Today, she described a double tragedy, one to the victims of malaria and one to the survivors. She said that women and children suffer most—over 650,000 die each year—and that their deaths lead to widespread poverty. She noted that Africa loses almost $12 billion dollars each year because of lost productivity from malaria deaths. Asked what motivated her work to eradicate malaria, Ms. Ghafur said that service is a big part of the Muslim faith.
The conference included students from three other schools, one in England, another in Mexico, and one in Oklahoma. Saleema Abdul Ghafur skyped in from New York, our facilitator was in London, and the technical engineer who made sure we each had audio and video working, was in India. Quite a feat of technology. Still, things can go wrong. For example, we got confused by the different time zones and had to leave the conference early.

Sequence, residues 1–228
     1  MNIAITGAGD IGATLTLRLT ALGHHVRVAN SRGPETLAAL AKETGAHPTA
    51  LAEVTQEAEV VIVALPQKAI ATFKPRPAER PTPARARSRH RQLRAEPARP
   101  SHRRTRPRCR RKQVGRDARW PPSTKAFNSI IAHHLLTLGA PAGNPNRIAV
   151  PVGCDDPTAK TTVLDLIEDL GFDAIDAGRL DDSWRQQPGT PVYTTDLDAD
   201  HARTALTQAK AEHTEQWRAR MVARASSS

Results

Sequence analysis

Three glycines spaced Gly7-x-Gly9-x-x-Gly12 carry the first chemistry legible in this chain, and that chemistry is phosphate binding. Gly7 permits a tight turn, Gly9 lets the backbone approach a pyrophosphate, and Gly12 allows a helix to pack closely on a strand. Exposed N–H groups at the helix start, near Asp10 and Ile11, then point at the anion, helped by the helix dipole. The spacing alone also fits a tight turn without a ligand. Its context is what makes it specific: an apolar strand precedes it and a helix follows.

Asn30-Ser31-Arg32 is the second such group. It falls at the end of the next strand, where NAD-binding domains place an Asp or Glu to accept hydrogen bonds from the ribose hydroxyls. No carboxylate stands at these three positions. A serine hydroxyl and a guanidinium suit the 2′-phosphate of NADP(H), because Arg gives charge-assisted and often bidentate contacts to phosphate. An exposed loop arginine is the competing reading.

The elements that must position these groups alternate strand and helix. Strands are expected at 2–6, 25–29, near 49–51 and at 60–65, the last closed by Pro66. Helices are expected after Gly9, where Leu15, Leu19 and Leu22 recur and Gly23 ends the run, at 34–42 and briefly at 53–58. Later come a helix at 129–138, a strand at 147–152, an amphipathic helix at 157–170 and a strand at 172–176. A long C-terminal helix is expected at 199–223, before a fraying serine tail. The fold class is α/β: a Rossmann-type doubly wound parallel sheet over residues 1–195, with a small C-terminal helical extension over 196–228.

Nonetheless, my students were able to hear Ms. Ghafur speak and even ask her a few questions. Most importantly, they learned about a huge health problem in another part of the world, and how that problem creates widespread poverty and lowers productivity in many African countries. And in Ms. Ghafur, they saw a great role model, someone who is making a difference and believes in service.